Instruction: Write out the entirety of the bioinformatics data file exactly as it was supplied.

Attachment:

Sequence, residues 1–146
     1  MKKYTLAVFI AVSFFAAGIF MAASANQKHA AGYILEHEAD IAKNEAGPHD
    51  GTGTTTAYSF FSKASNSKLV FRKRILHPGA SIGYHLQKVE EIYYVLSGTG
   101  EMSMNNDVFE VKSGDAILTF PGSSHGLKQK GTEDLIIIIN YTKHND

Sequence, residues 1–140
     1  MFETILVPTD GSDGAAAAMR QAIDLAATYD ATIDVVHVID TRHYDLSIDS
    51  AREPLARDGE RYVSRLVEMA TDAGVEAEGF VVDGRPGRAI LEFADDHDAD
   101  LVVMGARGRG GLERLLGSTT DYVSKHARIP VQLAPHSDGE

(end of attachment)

Sequence, residues 1–146
     1  MKKYTLAVFI AVSFFAAGIF MAASANQKHA AGYILEHEAD IAKNEAGPHD
    51  GTGTTTAYSF FSKASNSKLV FRKRILHPGA SIGYHLQKVE EIYYVLSGTG
   101  EMSMNNDVFE VKSGDAILTF PGSSHGLKQK GTEDLIIIIN YTKHND

Sequence, residues 1–140
     1  MFETILVPTD GSDGAAAAMR QAIDLAATYD ATIDVVHVID TRHYDLSIDS
    51  AREPLARDGE RYVSRLVEMA TDAGVEAEGF VVDGRPGRAI LEFADDHDAD
   101  LVVMGARGRG GLERLLGSTT DYVSKHARIP VQLAPHSDGE